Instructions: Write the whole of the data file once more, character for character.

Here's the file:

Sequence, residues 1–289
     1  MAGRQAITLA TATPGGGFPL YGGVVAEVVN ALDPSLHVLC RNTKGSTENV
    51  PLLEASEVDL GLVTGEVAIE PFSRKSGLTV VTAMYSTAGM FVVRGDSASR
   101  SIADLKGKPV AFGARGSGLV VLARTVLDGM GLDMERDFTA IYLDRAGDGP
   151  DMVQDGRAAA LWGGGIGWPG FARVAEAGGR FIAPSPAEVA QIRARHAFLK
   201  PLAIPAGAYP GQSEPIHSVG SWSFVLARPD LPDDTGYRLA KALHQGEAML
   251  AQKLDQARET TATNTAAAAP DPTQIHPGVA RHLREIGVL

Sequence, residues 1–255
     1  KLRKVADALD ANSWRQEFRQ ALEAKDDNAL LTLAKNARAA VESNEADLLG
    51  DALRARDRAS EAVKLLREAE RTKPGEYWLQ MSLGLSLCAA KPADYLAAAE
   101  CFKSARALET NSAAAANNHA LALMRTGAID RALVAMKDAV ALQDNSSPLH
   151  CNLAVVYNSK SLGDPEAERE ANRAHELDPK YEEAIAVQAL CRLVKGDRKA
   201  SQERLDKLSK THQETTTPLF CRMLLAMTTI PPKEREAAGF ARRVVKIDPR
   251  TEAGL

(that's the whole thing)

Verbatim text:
Sequence, residues 1–289
     1  MAGRQAITLA TATPGGGFPL YGGVVAEVVN ALDPSLHVLC RNTKGSTENV
    51  PLLEASEVDL GLVTGEVAIE PFSRKSGLTV VTAMYSTAGM FVVRGDSASR
   101  SIADLKGKPV AFGARGSGLV VLARTVLDGM GLDMERDFTA IYLDRAGDGP
   151  DMVQDGRAAA LWGGGIGWPG FARVAEAGGR FIAPSPAEVA QIRARHAFLK
   201  PLAIPAGAYP GQSEPIHSVG SWSFVLARPD LPDDTGYRLA KALHQGEAML
   251  AQKLDQARET TATNTAAAAP DPTQIHPGVA RHLREIGVL

Sequence, residues 1–255
     1  KLRKVADALD ANSWRQEFRQ ALEAKDDNAL LTLAKNARAA VESNEADLLG
    51  DALRARDRAS EAVKLLREAE RTKPGEYWLQ MSLGLSLCAA KPADYLAAAE
   101  CFKSARALET NSAAAANNHA LALMRTGAID RALVAMKDAV ALQDNSSPLH
   151  CNLAVVYNSK SLGDPEAERE ANRAHELDPK YEEAIAVQAL CRLVKGDRKA
   201  SQERLDKLSK THQETTTPLF CRMLLAMTTI PPKEREAAGF ARRVVKIDPR
   251  TEAGL